In general, rituximab is not usually given when the IgM level is very high because it can make the IgM level temporarily go up even higher. Plasmapheresis may be used first to lower the IgM level before starting rituximab. Another option is to give rituximab along with ibrutinib because the combination can rapidly reduce the level of IgM.  

If a stem cell transplant might be used later on, many experts recommend not giving certain chemo drugs (chlorambucil, bendamustine, cladribine, or fludarabine) because they might affect the blood stem cells in the bone marrow.

Here are some of the drugs and combinations that might be used as the first treatment for WM. (This list is in alphabetical order, not by preference of which should be used first.)

  • Bendamustine, with or without rituximab
  • Bortezomib, with or without dexamethasone and/or rituximab
  • Carfilzomib, rituximab, and dexamethasone
  • Cladribine, with or without rituximab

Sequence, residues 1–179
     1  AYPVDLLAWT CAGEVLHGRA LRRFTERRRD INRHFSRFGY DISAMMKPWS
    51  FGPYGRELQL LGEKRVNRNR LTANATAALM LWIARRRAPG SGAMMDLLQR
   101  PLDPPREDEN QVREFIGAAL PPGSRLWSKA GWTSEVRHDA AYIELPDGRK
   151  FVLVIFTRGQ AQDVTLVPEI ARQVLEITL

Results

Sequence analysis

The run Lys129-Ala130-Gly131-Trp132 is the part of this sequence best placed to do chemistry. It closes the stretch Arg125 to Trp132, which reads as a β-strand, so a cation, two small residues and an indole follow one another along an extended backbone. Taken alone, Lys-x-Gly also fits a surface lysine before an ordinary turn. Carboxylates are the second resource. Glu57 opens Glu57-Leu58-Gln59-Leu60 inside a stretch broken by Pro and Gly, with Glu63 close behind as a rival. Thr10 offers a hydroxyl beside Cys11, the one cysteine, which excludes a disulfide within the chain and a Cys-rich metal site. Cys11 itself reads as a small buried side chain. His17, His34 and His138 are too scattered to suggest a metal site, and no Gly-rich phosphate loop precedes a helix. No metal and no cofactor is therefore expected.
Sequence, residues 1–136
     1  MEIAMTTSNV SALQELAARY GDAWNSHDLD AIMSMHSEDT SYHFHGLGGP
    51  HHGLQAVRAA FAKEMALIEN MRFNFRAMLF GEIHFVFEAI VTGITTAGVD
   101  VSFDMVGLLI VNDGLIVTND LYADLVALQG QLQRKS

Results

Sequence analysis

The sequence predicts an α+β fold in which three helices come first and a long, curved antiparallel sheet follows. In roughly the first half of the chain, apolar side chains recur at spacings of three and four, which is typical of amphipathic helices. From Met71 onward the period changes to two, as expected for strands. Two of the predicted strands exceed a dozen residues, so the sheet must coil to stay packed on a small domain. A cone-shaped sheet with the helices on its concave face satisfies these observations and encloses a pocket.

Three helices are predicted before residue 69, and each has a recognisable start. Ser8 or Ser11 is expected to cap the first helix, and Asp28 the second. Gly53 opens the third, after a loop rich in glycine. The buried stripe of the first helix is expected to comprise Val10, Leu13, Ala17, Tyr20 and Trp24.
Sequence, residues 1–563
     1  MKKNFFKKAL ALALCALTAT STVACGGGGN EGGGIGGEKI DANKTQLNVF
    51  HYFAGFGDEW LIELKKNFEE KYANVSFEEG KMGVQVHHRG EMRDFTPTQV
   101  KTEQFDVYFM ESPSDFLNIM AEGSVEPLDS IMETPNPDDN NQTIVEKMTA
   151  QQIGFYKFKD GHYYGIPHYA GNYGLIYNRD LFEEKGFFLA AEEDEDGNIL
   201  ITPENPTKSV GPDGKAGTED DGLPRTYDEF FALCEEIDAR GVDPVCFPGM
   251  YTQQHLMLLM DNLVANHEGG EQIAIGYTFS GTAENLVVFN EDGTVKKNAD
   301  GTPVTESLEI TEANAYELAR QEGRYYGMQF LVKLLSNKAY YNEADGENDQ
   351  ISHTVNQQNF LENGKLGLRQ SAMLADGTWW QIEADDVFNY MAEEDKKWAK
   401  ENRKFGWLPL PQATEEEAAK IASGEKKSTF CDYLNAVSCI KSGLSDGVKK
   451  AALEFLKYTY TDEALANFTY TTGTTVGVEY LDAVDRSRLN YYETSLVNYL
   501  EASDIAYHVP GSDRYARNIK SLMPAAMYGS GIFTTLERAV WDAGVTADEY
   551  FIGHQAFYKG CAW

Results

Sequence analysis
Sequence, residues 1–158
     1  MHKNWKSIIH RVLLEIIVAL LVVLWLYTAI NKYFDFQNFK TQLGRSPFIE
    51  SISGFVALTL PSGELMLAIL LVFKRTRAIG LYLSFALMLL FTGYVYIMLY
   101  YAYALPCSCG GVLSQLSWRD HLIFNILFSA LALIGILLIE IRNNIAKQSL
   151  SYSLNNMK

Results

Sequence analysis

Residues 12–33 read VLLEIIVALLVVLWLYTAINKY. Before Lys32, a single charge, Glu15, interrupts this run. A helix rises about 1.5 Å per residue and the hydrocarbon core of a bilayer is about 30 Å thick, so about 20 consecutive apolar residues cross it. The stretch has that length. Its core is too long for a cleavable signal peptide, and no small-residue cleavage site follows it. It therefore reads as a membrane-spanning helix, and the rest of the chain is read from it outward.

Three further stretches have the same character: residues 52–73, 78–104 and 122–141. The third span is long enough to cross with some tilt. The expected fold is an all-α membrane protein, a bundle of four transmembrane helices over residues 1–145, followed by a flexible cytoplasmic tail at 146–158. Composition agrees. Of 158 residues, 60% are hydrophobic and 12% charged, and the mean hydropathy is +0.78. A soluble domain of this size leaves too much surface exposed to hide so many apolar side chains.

• Cyclophosphamide, prednisone, and rituximab (CPR)
  • Fludarabine, with or without rituximab
  • Fludarabine, cyclophosphamide, and rituximab (FCR)
  • Ibrutinib, with or without rituximab
  • Ixazomib, rituximab, and dexamethasone
  • Rituximab
  • Rituximab, cyclophosphamide, and dexamethasone (RCD)
  • Zanubrutinib

Other drugs and drug combinations can also be used. Talk to your doctor about which regimen might be best for you based on your situation.

During treatment, you’ll have regular visits with your doctor, who will ask you about your symptoms, do physical exams, and test your blood to see how well the treatment is working. In most people with WM, the disease will respond to treatment (IgM levels will go down and symptoms will get better) within a few months, although this may take longer in people getting only rituximab . If the WM responds, options include close monitoring for signs of disease progression or giving rituximab on a regular schedule to help keep the disease in check.